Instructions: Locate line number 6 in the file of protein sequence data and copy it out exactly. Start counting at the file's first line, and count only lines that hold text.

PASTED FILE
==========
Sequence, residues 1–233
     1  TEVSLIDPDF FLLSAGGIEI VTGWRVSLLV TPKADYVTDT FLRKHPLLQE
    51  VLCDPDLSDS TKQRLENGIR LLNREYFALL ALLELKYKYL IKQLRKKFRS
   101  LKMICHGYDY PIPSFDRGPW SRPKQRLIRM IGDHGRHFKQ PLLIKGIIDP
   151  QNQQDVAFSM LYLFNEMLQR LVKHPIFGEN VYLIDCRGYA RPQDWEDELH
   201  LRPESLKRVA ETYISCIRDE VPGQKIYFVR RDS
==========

   201  LRPESLKRVA ETYISCIRDE VPGQKIYFVR RDS